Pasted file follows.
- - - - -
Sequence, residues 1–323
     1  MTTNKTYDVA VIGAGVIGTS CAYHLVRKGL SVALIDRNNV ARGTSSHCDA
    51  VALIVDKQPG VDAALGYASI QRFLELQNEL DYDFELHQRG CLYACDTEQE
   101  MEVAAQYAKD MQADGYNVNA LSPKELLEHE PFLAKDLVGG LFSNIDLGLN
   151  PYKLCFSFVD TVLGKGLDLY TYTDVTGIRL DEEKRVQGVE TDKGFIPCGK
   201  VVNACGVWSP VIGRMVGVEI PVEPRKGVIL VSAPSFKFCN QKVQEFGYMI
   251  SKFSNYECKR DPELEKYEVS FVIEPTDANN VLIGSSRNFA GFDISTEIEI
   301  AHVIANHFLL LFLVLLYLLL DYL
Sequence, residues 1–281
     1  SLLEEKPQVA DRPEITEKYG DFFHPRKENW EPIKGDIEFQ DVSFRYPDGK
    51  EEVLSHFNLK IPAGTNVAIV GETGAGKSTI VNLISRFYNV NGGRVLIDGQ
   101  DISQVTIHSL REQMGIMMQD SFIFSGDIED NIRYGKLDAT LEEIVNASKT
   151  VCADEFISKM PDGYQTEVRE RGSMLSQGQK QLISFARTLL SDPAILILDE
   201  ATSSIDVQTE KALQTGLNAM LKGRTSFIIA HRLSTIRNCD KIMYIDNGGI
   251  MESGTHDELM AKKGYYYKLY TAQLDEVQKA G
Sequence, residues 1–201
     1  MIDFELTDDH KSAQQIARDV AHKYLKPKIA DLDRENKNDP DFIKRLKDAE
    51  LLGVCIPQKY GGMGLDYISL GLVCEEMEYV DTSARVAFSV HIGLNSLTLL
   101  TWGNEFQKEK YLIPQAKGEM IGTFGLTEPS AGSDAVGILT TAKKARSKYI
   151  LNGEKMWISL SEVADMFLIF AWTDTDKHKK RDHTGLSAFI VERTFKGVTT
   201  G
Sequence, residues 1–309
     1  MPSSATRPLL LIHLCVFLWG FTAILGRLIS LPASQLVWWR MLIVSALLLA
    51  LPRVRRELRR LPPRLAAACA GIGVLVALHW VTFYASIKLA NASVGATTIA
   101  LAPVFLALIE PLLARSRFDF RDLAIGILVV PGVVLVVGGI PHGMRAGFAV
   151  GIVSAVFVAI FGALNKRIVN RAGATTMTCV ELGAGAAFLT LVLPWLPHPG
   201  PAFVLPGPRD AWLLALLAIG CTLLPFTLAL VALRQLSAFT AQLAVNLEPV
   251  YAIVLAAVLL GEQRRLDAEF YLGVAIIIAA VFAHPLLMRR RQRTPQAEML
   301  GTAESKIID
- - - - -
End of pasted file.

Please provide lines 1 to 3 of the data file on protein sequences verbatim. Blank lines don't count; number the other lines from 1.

Sequence, residues 1–323
     1  MTTNKTYDVA VIGAGVIGTS CAYHLVRKGL SVALIDRNNV ARGTSSHCDA
    51  VALIVDKQPG VDAALGYASI QRFLELQNEL DYDFELHQRG CLYACDTEQE